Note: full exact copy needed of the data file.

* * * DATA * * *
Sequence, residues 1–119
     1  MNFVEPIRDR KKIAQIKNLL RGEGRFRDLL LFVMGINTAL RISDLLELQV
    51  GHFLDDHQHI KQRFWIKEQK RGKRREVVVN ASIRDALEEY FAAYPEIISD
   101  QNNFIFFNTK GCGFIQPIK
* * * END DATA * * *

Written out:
Sequence, residues 1–119
     1  MNFVEPIRDR KKIAQIKNLL RGEGRFRDLL LFVMGINTAL RISDLLELQV
    51  GHFLDDHQHI KQRFWIKEQK RGKRREVVVN ASIRDALEEY FAAYPEIISD
   101  QNNFIFFNTK GCGFIQPIK